Not much has changed recently on the Henry’s Fork, its still salmonfly time. Dry fly fishing has been best early and later in the day and the nymph fishing along the banks continues to be excellent. The bugs have spread out through the system a little more than this time last week so I wouldn’t be too worried about hitting a particular stretch. Make sure you have a few different profiles if you are set on fishing dries, and don’t limit yourself to big hair wing styles. Some of the smaller chernobyl type patterns can be killer during this hatch. There are still a few caddis around as well so make sure you have some on you just in case they are in one of those moods where they’d rather eat a size 16 over a size 4.
Henry’s Fork May 28th, 2020
Henry’s Fork, May 23rd, 2020
The big stoneflies are coming out on the lower river. But you can bet those big bugs are hunkering low today! Just getting to the river now could be a bit tough with this late season snow storm. But when the warm-up predicted in a few days kicks in, the top water fun will begin. For now, drive safely.
Henry’s Fork, May 16th, 2020
Few fly-fishing world happenings are anticipated as much as are the giant and golden stonefly emergences on regional rivers. With respect to the Henry’s Fork, nymphs of these species are moving toward banks along the lower river thus making patterns imitating these currently very effective. (don’t overlook pitching a streamer either). It will be a matter of several days before these bugs will be flying, but look for the first to appear in numbers significant to attract trout attention in the Ashton through Bear Gulch reach of the river. Soon to follow will be the same activity happening from the river below Ashton Dam. So if you intend to be at the fly tying bench, tying nymph and dry patterns for giant and golden stoneflies will be time well spent!
Henry’s Fork, May 12, 2020
Flow out of Island Park Dam has been nearly cut in half and the boat launch just below is totally accessible. The drop in flow is reflected on downstream to the Fall River confluence at Chester Dam with flow a bit below normal.
Henry’s Fork, May 9th, 2020
Fall River currently is running somewhat high but clear. This means the Henry’s Fork below Chester Dam still hosts good fishing. The Island Park countryside is quickly becoming free of snow, and the Mesa Falls Highway is totally passable. Many side roads are not yet free of snow. The Henry’s Fork at Last Chance features midge and BWO activity, so presenting their life cycle patterns is quite effective.
Henry’s Fork, April 24th, 2020
Flow out of Island Park Dam has been raised from around 550 cfs to nearly 900 cfs. This flow is not carried down much to the lower river where flows are a bit above normal for this time of year. Fishing on the lower river is good ( BWO, March brown, midge, caddis small stonefly life cycle patterns and streamers) except for windy days when anything emerging onto the surface is blown away before fish have a chance to raise to them.
Henry’s Fork, April 18th, 2020
Social distancing is a bit tougher to find at launch sites on the lower river. That is because currently some of the best fishing in the region can be found there. Sun shiny days, like those coming up until mid-week, will dampen the BWO activity a little, but March browns, caddis and midges will provide surface and near surface action with life cycle patterns of each. Streamers remain effective under low-light conditions and as we advance past April, large stonefly nymph patterns will be increasingly effective.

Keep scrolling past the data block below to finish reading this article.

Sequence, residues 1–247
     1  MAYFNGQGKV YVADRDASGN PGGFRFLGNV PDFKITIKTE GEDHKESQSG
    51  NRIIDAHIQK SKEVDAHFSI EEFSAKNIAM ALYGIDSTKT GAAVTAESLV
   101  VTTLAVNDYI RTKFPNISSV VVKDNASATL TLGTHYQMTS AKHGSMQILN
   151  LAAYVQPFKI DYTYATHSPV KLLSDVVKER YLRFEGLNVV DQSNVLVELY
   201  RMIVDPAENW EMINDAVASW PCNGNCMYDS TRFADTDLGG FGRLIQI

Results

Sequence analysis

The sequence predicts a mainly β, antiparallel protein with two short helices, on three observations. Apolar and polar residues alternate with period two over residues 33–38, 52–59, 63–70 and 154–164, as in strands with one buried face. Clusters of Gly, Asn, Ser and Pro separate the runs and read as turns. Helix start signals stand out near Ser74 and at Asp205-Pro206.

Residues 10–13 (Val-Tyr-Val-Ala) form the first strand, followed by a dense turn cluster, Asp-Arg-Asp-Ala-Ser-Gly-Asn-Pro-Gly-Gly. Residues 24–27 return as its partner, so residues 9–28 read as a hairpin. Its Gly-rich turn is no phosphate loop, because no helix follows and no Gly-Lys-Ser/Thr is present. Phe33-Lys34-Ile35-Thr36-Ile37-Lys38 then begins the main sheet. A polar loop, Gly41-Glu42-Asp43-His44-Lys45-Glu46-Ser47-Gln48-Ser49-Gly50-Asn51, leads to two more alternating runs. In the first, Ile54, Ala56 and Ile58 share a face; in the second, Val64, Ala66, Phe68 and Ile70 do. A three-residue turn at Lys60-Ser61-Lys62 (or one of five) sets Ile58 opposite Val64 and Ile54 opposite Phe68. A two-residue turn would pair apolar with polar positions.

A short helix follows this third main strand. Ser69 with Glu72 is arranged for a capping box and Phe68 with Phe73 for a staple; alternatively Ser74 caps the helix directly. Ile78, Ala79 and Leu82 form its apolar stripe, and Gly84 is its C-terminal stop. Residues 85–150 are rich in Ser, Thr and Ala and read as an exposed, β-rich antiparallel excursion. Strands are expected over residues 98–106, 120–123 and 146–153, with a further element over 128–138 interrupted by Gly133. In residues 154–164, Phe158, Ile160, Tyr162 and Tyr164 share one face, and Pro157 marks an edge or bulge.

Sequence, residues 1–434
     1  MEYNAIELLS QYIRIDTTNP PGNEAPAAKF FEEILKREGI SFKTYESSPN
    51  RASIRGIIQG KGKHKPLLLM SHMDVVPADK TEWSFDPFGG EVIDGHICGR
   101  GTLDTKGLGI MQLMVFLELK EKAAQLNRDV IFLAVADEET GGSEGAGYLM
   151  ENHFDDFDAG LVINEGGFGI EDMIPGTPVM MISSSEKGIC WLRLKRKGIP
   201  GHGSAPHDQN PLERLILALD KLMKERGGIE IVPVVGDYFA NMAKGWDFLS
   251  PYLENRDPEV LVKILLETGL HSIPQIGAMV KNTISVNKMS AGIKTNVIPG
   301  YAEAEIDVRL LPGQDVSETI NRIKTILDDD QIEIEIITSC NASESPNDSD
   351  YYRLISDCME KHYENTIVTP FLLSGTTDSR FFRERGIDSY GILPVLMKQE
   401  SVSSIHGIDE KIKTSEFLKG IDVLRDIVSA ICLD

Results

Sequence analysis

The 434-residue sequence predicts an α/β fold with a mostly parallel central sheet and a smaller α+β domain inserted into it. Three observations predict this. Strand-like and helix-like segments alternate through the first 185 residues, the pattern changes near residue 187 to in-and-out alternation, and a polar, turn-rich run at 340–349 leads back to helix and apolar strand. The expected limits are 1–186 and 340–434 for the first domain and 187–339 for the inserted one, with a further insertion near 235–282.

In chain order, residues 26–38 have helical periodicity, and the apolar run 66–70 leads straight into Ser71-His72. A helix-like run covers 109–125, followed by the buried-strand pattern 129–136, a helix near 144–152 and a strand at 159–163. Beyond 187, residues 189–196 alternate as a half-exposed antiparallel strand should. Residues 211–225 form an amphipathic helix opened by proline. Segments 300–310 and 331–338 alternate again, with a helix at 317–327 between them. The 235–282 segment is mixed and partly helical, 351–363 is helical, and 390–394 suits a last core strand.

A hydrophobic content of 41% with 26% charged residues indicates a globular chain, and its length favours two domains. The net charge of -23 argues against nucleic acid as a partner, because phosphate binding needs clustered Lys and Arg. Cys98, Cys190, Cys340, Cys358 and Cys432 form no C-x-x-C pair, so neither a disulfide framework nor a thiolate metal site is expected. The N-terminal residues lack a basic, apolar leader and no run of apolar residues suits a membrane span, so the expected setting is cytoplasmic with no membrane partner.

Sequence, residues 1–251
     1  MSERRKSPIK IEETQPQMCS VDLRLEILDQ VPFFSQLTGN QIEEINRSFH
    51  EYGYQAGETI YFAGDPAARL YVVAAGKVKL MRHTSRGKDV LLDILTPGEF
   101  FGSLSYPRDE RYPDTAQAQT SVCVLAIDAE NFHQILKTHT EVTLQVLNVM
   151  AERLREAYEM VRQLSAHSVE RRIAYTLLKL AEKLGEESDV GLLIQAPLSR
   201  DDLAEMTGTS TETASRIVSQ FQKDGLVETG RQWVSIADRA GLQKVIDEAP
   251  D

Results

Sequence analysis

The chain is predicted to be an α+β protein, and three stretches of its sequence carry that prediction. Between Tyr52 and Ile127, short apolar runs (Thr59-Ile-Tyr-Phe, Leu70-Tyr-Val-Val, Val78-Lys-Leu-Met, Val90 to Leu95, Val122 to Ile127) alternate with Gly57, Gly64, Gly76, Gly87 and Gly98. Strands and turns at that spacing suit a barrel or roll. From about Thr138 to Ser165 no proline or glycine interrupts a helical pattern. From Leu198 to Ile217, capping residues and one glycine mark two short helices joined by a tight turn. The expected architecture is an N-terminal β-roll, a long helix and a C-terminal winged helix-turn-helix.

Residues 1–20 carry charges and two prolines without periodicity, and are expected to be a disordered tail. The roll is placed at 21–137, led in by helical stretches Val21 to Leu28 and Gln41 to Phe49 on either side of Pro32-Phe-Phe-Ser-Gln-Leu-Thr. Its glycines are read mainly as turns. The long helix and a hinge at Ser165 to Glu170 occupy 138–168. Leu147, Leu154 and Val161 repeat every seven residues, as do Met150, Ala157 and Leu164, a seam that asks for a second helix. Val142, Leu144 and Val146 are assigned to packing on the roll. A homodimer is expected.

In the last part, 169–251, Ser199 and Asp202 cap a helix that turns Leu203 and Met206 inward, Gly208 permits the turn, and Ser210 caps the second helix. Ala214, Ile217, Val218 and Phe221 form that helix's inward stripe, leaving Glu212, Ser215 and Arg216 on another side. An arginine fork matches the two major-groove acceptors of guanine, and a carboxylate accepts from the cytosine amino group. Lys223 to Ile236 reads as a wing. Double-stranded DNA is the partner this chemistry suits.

Henry’s Fork, April 10th, 2020
A good bit of news for the Henry’s Fork immediately below Island Park Dam is that flow out of the dam has remained above 500 cfs all winter. Annual average flow out of the dam through the winter has been just below 400 cfs. The higher flow gives more natural bank cover for the youngest of trout to use for shelter thus helping their life expectancy. They are the future, so the more of them, the better.
On the lower river successful fishing is holding steady, so visits whether through boating or wading are on the increase making “social distancing” more difficult to achieve. Nevertheless solitude can be found especially early and late in the day. Consider using the presentation strategies offered in our recent fishing reports for this part of the river.
Henry’s Fork, April 7th, 2020
Fun Farm Bridge at Twilight
Below Ashton Dam river flow has been near normal with minor variations not being enough to impact fishing success. With near constant flow and increasing daylight BWO, midge and increasing March brown activities are making presenting their life cycle patterns effective. Add to these streamer and large nymph presentations also being effective, and many fly-fishers are currently attracted to the river. Thus compared to the South Fork, social distancing is a bit harder to realize, especially around boat launching locations. Nevertheless, solitude can be realized but especially during early and late hours. So consider these times for a visit.
Henry’s Fork, March 24, 2020
Some folks are drift boating from Warm River to Ashton. Midges and BWO life cycle patterns will bring the most action, but streamer and stonefly nymph/rubber legs patterns will likely be more interesting to the larger fish anywhere you try the river. Consider trying places upstream along the river road after crossing the Fun Farm Bridge. Access on the lower river is shaping up, but the bad news is that the private access on the other side of the river above the Chester backwaters, known as Seeley’s, has been closed by the owner. Misuse by inconsiderate individuals accumulated enough to cause this closure.